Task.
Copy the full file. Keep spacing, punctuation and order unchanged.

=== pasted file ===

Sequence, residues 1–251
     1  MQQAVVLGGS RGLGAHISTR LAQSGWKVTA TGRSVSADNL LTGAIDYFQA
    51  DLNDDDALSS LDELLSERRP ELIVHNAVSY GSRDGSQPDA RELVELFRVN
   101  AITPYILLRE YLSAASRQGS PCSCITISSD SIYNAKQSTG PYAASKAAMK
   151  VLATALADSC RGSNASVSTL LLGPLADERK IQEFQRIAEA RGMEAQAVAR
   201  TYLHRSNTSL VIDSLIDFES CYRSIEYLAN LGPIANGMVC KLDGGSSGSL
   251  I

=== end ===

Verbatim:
Sequence, residues 1–251
     1  MQQAVVLGGS RGLGAHISTR LAQSGWKVTA TGRSVSADNL LTGAIDYFQA
    51  DLNDDDALSS LDELLSERRP ELIVHNAVSY GSRDGSQPDA RELVELFRVN
   101  AITPYILLRE YLSAASRQGS PCSCITISSD SIYNAKQSTG PYAASKAAMK
   151  VLATALADSC RGSNASVSTL LLGPLADERK IQEFQRIAEA RGMEAQAVAR
   201  TYLHRSNTSL VIDSLIDFES CYRSIEYLAN LGPIANGMVC KLDGGSSGSL
   251  I